Few quarrel with the concept of HMI standardization, which is expected to concentrate on screen configuration and design. Standards are seen as beneficial, if not critical, especially in today's mobile society. Most agree efficiency is probably standardization's greatest advantage. Consistent screen formats make design and use simpler and safer.

It's a good thing

“The industry should have had a standard years ago,” says chairman Bingham. Standardization would bring consistency to screen design and configuration that would facilitate training, he notes, adding that an operator moving from one facility to another today would likely find information presented in different ways, increasing ramp-up time and the need for training. Standardization would minimize, if not eliminate, this problem, says Bingham.

He explains that the intent of standardization is not to ask anyone to redesign products to meet a standard. “We're trying to stay software independent,” he says. “We're working on an exclusion list. We've already established that the standard will not cover cell phones, light boxes (analog panels), chart recorders, watches, or anything with a resolution less than 320 x 240 pixels. In addition, we specified an HMI must have a minimum number (64) of colors. Such determinations will give us focus.”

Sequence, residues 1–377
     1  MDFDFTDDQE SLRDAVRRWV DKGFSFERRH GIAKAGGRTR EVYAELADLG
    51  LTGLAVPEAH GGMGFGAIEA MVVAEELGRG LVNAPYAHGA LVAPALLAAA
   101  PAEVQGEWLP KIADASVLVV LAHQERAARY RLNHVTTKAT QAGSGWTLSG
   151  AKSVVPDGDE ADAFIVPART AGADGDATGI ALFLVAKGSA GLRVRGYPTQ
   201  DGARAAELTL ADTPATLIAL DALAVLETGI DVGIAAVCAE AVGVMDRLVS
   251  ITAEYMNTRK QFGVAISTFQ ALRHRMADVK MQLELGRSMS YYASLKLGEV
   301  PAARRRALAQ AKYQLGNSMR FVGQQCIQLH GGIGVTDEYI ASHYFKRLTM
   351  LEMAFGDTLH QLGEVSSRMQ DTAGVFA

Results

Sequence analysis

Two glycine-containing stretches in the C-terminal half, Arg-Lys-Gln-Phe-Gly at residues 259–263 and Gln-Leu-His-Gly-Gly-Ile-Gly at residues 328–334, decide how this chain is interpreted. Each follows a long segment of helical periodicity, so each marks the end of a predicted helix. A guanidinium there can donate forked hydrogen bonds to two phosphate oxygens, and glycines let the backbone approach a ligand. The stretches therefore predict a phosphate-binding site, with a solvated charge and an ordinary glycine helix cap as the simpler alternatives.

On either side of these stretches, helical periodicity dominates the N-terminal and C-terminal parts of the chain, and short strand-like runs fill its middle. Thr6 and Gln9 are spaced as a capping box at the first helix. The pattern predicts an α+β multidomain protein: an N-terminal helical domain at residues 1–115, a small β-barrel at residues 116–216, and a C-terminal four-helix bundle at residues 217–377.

HMI standards or guidelines are definitely a good idea, concurs Roy Tanner, systems marketing manager, ABB Inc., but believes it will be challenging to determine the scope to which they reach. He says, “We have produced guidelines, but these sometimes aren't followed because customers have their own standards or want a specific look and feel due to previous/existing systems; or because different regions and industries have their own requirements and guidelines.”

Any standard or committee that “brings vendors together to make it simpler for the end-user to configure a system is a good thing,” says Siemens' Coughlin. “End-users, integrators, and vendors all need to [and are being asked to] provide input into a standard, which will give vendors a framework around which to build products. The primary advantage will be HMIs with a similar look and feel regardless of who is supplying the system. Navigation will be more efficient, changes will be easier to make.”